The formal structure and constitution of the OLG will be decided at a future European Meeting to which all relevant journals will be invited.
4. Draft Principles of the OLG
We propose the following governing principles, in draft form, the intention being that interested journals currently publishing under the open access model will meet to accept and/or amend them. The principles are as follows:
1. Open Access: The contents of any journal should be available on a “free to access” basis. The contents should be available by the public for non-commercial use without the need to obtain permission from authors.
[Rationale: This is a basic statement of the open access model. The inclusion of a “non-commercial use” reference means that the journal and authors may also exert commercial rights, if required.]
[Rationale: Open access does not require a transfer of ownership of copyright.]
3. User Rights: All journals must ensure that all authors and copyright holders grant to users a free, irrevocable, world-wide and perpetual right of access to the work, and a licence to copy, use, distribute, transmit and display the work publicly for non-commercial and/or educational purposes, subject to proper attribution of authorship and details of journal publication.
[Rationale: This outlines what in fact is meant by “open access” in terms of non-commercial usage.]
4. Derivative Works: All journals will ensure that all authors and copyright holders grant to all users the right to make derivative works. Such grant may, however, be subject to restrictions that protect the moral rights of authors and the interests of the journal.
[Rationale: Some members at the meeting felt strongly that it should be the default position that works can be re-used as the basis of new works. By applying restrictions, however, this default position can be avoided by any journal, should it wish.]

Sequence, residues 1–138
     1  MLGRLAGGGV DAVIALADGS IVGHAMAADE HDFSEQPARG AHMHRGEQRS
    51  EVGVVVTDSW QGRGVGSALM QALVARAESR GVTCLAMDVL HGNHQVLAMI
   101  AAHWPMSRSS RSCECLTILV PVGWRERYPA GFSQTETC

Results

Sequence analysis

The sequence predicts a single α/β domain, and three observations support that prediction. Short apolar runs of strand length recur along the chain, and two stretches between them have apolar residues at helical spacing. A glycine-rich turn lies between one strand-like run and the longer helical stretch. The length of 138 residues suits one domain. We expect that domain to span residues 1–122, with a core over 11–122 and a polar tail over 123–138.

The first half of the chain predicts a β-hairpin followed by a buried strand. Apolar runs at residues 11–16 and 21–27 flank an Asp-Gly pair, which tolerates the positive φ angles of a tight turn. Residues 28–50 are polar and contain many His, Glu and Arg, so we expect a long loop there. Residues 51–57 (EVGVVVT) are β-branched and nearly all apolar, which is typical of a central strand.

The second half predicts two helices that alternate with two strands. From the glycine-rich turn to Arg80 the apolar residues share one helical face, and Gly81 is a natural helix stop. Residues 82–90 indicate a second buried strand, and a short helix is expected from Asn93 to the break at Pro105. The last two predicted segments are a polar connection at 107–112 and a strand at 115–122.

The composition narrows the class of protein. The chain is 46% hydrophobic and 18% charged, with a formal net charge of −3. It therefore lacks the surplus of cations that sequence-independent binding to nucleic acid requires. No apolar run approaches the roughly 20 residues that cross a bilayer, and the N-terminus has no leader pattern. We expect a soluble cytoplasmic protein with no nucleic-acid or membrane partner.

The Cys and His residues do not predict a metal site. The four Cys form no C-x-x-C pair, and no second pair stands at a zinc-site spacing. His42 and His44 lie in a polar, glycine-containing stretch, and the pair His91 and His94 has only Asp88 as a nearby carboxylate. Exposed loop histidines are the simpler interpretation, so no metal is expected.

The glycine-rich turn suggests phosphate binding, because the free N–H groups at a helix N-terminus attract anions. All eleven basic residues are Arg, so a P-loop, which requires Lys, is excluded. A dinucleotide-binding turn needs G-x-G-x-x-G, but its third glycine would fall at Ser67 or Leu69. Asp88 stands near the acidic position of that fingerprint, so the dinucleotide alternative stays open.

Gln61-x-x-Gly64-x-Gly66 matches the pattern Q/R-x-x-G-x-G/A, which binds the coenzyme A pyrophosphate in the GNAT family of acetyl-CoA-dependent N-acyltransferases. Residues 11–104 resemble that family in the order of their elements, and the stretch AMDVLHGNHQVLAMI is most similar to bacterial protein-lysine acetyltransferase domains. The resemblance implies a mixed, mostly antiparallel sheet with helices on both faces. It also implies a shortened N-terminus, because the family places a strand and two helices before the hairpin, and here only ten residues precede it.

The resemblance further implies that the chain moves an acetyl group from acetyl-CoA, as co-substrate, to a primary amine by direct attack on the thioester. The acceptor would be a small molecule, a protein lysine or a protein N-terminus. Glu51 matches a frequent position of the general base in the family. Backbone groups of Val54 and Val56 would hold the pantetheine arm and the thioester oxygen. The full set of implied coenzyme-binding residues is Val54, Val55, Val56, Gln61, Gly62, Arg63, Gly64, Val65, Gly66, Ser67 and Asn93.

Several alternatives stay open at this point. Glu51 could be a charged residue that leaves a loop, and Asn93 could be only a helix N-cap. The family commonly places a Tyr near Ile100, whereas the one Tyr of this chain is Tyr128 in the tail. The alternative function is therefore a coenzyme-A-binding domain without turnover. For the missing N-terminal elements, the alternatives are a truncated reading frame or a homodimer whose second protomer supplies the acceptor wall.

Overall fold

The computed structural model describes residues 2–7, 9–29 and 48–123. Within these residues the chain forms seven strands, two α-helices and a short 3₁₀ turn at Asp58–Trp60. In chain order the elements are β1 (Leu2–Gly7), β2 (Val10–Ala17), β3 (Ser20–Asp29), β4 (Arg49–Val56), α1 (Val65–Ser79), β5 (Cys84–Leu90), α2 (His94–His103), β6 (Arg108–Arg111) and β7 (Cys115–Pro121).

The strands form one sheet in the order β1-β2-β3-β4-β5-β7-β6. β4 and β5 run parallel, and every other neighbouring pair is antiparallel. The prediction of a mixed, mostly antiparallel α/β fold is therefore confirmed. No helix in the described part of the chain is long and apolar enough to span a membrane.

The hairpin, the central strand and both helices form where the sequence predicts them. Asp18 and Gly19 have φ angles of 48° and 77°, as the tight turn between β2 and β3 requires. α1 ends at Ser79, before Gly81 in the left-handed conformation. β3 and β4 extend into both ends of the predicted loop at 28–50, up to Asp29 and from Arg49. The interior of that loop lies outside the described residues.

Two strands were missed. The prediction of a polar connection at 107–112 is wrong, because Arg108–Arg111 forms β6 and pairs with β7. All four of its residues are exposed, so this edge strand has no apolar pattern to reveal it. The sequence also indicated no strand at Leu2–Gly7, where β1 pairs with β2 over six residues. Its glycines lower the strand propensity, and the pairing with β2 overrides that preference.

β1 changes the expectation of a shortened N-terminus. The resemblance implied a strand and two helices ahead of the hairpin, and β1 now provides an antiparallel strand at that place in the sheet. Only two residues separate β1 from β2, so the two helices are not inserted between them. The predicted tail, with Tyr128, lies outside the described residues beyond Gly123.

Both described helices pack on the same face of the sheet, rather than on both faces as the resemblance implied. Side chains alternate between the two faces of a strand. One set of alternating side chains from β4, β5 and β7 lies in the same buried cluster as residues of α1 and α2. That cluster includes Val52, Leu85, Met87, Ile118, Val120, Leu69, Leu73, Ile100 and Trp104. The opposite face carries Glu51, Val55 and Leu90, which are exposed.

5. Archiving of Contents: All journals should ensure that in the event that it should cease publication, the contents of the journal will continue to remain publicly available on a free to access basis through one or more archiving systems, such as SSRN.
[Rationale: Journals sometimes cease publication and therefore there is a formal requirement to ensure that the contents of the journal will continue to be publicly available following its termination.]
6. Membership: Members of the group should be European publishers of law journals.
[Rationale: As European law becomes more harmonised, comparative analysis of issues on which there is divergence is increasingly important. “European publishers” offers a manageable group with common interests.]
7. Support: Members should support each other, in technical issues related to the publication of open access materials, through meetings, workshops and conferences. Such issues may include common standards and platforms.
[Rationale: Individual efforts to produce high quality on-line journals can be magnified through access to advice and technical help. We see this as a primary aim of the group.]
8. Promotion of Open Access Law Journals: Members should actively encourage the development of the open access model of law publishing. This will include asserting quality control, seeking funding for joint projects, encouraging cross readership, and promoting the advantages of open access to the academic community.
[Rationale: Rather than acting as competitors to each other, we feel that open access model journals can benefit each other by acting in the interests of the open access methodology.]